How to live with bears
Humans must develop a "social tolerance" for predators.
Humans are already notoriously grumpy about their neighbors, but affronts like ugly fences or loud music may feel like nothing compared to what scientists predict is coming: bears.
According to new research, as wild populations rebound, human-bear interactions are on the rise. How these interactions will play out depends on us and how willing we are to avoid conflict with wild animals.
Humans and bears are increasingly living in close quarters, explains Clayton Lamb, a postdoctoral fellow at the University of British Columbia and the University of Montana. In part, that's because bear populations are bouncing back thanks to the end of large-scale, federally funded predator control programs. Most of these were aimed at wolves or coyotes, but also affected bears, he explains.
"Grizzly bears are expanding in Yellowstone, the Northern Continental Divide Ecosystem, and Southwest Alberta Canada," Lamb tells Inverse .
Lamb's research, published Monday in Proceedings of the National Academy of Sciences, gives us a detailed picture of how coexistence is going so far. So far it's not going well — mostly for the bears.
Lamb's team analyzed demographic data from 2,669 grizzly bears in British Columbia between 1979 and 201 and found that it takes 14 years for a bear to truly learn how to coexist with humans. But for every bear who makes it to that age, 29 in the cohort will die. In wilderness areas with less human influence, only four bears will die for the one that makes it to 14.
The closer humans and bears get, the more we're going to have to deal with one another, Lamb says. Bears are adapting as best they can, but humans are going to have to adjust for both the bears' sake and our own.
"We can either make changes to foster coexistence on these shared landscapes, or, if we choose not to adapt to sharing the landscape, we will likely continue to bump up against the frustrations of conflicts with carnivores," he says.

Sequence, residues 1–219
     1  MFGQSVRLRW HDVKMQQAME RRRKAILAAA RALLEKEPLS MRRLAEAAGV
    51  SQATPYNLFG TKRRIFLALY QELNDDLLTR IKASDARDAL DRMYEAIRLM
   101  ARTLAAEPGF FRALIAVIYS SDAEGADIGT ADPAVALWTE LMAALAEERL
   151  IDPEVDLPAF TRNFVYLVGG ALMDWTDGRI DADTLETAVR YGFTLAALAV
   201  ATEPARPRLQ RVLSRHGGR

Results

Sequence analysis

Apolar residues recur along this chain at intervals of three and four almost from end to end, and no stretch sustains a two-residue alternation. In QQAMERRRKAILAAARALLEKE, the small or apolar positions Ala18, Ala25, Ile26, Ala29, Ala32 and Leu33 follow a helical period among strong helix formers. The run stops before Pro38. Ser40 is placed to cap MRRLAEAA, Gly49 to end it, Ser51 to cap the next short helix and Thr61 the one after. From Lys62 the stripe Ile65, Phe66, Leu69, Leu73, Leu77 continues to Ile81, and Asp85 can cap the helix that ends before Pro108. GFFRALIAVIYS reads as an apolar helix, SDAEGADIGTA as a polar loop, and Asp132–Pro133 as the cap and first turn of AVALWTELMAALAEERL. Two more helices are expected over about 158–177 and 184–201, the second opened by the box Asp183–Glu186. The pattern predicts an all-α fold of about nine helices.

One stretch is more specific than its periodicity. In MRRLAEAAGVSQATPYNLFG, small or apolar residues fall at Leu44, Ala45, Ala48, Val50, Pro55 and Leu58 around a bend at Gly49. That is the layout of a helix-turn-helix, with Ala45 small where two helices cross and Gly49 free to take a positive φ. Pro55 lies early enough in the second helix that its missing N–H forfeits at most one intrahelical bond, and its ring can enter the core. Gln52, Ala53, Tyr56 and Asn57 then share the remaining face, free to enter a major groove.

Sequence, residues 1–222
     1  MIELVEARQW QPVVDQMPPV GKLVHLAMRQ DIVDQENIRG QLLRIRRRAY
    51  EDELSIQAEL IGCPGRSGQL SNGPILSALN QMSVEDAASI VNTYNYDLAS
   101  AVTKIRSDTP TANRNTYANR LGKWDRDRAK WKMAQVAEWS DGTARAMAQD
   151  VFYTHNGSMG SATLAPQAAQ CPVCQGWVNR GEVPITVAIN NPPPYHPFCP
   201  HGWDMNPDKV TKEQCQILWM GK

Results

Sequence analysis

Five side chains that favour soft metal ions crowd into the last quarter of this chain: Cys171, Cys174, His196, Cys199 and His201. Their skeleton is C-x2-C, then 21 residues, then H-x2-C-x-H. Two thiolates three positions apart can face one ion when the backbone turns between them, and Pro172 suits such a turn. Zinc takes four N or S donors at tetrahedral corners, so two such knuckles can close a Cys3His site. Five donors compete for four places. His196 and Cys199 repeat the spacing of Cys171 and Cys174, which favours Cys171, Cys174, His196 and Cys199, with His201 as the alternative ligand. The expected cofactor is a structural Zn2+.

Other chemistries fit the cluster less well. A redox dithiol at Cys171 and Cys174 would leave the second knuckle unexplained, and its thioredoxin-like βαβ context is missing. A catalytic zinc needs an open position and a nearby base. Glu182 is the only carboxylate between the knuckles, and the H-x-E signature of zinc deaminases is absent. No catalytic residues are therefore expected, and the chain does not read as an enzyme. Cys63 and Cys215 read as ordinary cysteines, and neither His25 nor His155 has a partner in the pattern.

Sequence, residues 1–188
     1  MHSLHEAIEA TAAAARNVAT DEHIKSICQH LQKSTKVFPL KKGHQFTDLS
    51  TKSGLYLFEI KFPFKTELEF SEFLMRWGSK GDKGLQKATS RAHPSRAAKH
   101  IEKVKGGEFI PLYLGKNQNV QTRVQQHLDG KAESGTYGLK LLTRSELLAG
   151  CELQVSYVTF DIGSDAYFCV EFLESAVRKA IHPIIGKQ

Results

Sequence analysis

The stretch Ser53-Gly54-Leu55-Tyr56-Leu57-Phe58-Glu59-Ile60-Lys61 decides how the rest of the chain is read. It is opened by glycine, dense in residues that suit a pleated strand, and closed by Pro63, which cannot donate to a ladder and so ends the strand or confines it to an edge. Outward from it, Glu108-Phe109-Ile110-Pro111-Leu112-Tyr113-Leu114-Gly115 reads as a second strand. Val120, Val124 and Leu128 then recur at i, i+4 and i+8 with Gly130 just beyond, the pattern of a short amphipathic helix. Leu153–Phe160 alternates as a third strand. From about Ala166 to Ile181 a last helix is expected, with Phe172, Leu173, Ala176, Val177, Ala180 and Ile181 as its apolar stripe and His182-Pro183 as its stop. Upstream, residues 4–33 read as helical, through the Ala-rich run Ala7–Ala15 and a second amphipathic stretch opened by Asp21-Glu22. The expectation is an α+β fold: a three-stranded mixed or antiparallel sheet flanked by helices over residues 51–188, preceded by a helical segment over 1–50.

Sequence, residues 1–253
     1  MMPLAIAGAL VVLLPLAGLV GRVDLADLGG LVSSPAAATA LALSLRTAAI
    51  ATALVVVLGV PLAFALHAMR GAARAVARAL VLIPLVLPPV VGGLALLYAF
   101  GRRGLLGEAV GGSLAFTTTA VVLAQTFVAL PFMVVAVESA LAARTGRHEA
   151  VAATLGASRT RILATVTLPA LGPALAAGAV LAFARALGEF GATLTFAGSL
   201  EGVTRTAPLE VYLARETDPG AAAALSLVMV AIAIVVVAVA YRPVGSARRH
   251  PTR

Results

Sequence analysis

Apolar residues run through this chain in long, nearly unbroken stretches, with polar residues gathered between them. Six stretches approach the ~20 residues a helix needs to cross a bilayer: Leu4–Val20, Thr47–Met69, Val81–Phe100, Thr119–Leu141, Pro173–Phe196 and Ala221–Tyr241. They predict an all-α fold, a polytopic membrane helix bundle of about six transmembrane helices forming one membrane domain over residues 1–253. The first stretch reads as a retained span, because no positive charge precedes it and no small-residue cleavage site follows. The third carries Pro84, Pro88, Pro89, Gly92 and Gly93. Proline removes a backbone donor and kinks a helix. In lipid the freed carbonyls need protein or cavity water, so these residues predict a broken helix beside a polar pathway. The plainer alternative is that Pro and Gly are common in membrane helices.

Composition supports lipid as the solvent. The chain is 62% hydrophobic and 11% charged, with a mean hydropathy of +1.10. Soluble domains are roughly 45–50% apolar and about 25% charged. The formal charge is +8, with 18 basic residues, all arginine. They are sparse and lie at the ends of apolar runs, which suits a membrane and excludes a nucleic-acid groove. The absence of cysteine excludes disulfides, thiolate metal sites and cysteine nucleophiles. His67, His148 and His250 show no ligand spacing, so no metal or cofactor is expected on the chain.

How to live with predators – Bears are already adapting to humans. Human-bear conflicts are reduced at night, and in response, bears in human-dominated areas increased their nocturnal behavior by between two and three percent per year once they passed the age of three, the study finds. That small increase was linked to a two to three percent increase in chances of survival per year, the study finds.
But humans aren't holding up their end of the bargain. Young bears still face 7.5 times higher mortality rates in human-dominated areas than in wilderness areas.
To improve those odds, humans must develop a "social tolerance" for predators, explains Lamb. That's as much a societal change as it is a psychological one.
Social tolerance for predators means that you're willing to tolerate sharp-toothed sharks in the waters or inquisitive bears in the woods. It's a willingness to see land as both your home and the home of a predator.
"People are increasingly willing to adapt their behaviors in a way that fosters coexistence with carnivores."
We're making incremental progress on the psychological front. A 2014 online survey found that most respondents still supported controlling predators to preserve livestock but, compared to 1995, they demonstrated a preference for non-lethal forms of animal control.
Additionally, research suggests that culling wild animals doesn't decrease conflict with humans in ways one might expect. A study from the South African region of Karoo found that culling additional leopards or caracals led to 27.7 percent and 5.7 percent increases in livestock losses respectively. (That said, culling wild dogs cut livestock losses).